Reverse Logistics: Waste Not, Want Not (Part II)
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Editor’s note: This is the second of a three-part web exclusive examining the latest trends in reverse logistics. Today’s logistics managers are faced with three forces driving the reverse loop in distribution: Regulatory compliance, sustainable practices, and money saving strategies. Any one of these reasons will work, say business leaders, and the pay offs are similar in the extreme. Indeed, by “doing the right thing” companies are helping themselves while saving the planet.
As noted in Part I of this series, supplier transparency is key to any reverse cycle. But supply chain scholars note that other risks must be examined as well. Diane A. Mollenkopf, Ph.D., McCormick Associate Professor of Logistics Department of Marketing and Logistics University of Tennessee College of Business Administration says the tsunami disaster in Japan highlighted the vulnerability of being too lean in terms of inventory protection levels.
“One also runs the risk of having too few suppliers, especially when geographically concentrated,” she says. “Shippers will surely be reconsidering how much inventory is really needed in the supply chain, and where that inventory should be located.”
Mollenkopf notes that from a reverse logistics perspective, some shippers may find that they can increase their inventory protection by more effective and timely recapture of return goods.
“So an effective reverse flow may help mitigate some of supply risk,’ she says. “Shippers just need to realize the inventory potential they may have within their existing market areas.”
Finding a third party logistics (3PL) provider capable of managing an offshore reverse process is still difficult, though. According to Mollenkopf, the economics of forward and reverse flows pose different challenges.
“A good 3PL not only handles transportation, but also has a network of facilities for sorting return goods,” she says. “This is a very specialized type of business, and shippers must make sure that the skill sets are in place before committing to a third party strategy.”
For Michael Blumberg, a certified management consultant and president of the Blumberg Advisory Group, shippers should seek 3PLs offering a “Reverse Logistics Management” (RLM) tailored to their specific needs.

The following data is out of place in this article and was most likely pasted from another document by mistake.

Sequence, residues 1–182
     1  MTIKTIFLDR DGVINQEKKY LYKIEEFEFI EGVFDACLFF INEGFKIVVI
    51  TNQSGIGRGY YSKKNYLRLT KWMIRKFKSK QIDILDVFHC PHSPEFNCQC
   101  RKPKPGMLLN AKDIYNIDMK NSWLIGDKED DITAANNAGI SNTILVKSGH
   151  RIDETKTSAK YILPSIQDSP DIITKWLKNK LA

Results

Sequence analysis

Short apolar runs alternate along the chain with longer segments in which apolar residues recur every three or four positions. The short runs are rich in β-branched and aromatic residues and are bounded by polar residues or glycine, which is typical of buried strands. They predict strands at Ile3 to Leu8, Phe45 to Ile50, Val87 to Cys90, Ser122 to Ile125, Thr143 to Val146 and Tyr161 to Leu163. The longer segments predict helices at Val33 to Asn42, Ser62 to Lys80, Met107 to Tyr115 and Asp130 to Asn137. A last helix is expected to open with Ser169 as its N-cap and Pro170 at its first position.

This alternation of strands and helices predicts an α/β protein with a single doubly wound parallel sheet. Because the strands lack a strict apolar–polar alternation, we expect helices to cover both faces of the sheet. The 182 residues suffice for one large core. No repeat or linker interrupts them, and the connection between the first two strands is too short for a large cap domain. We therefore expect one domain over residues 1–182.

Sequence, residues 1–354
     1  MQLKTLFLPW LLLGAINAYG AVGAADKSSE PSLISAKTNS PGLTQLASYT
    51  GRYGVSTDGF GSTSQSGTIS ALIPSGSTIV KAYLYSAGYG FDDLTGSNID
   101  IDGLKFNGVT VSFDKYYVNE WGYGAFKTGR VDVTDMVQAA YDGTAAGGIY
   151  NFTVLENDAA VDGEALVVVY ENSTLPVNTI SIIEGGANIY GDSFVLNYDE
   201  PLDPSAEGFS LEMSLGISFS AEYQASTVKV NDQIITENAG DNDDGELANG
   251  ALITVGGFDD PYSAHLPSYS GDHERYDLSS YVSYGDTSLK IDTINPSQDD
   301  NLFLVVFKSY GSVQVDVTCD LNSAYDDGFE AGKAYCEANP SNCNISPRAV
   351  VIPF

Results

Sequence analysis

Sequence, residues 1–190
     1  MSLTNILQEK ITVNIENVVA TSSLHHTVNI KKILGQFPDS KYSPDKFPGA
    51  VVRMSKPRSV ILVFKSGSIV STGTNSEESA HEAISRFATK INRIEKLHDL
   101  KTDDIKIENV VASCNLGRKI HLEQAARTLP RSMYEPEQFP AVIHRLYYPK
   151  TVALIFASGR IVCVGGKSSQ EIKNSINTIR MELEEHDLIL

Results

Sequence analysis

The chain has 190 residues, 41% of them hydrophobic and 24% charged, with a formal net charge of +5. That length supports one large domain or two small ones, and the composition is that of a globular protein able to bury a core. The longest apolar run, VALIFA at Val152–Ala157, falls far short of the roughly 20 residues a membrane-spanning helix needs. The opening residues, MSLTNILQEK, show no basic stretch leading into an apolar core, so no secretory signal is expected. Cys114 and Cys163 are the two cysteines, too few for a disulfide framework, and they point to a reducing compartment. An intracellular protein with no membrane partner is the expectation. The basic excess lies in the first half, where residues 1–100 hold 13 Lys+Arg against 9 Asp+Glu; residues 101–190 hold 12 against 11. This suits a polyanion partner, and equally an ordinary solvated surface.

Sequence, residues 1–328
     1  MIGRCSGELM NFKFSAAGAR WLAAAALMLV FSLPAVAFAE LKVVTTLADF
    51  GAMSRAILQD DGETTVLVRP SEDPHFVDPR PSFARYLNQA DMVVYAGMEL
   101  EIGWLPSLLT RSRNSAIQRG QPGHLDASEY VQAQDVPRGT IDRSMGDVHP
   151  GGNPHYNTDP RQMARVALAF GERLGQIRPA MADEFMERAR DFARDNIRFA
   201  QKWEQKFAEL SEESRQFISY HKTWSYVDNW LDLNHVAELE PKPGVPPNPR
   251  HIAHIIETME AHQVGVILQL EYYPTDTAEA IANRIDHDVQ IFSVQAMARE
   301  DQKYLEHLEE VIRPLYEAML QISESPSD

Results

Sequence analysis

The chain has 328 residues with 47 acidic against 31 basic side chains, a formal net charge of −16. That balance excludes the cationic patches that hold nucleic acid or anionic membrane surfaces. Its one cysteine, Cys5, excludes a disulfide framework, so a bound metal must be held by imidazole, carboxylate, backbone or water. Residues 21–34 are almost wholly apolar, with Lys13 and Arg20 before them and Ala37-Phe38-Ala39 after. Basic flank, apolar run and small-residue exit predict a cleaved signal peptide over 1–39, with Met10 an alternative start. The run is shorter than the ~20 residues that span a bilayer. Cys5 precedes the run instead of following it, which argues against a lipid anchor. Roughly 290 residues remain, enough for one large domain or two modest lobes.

“It should come as no surprise that reverse logistics will play a significant strategic role in supply chain development,” he says. “But it’s not a ‘one size fits all’ type of business.”
Blumberg contends that RLM also contributes to the bottom line by reducing cost, and protecting revenue.
“When you consolidate your administration, you have liability protection and resource optimization,” he says. “Then there are gains in productivity and efficiency. Ultimately, shippers provide customer service and good will that translates into more orders.”
Other analysts maintain that being a good “world citizen” also comprises customer service.
According to Gary Cullen, chief operating officer of 4PRL LLC, a growing trend of being “cheaper and nearer” seems to fit well within the cost sensitive and “eco conscious” reverse logistics chain of events. 4PRL LLC is the reverse logistics arm of The Georgetowne Group – a supply chain management consultancy.
“Much efficiency can be found in near-sourcing third party service providers (3PSP) who specialize in redeployment, repair, reuse, recycling, reclamation and resale,” he says. “This appears to be a successful business model in today’s fuel conscious and green minded environment.”Logistics Management November 2, 2011
About the AuthorPatrick Burnson Patrick Burnson is executive editor for Logistics Management and Supply Chain Management Review magazines and web sites. Patrick is a widely-published writer and editor who has spent most of his career covering international trade, global logistics, and supply chain management. He lives and works in San Francisco, providing readers with a Pacific Rim perspective on industry trends and forecasts. You can reach him directly at [email protected]
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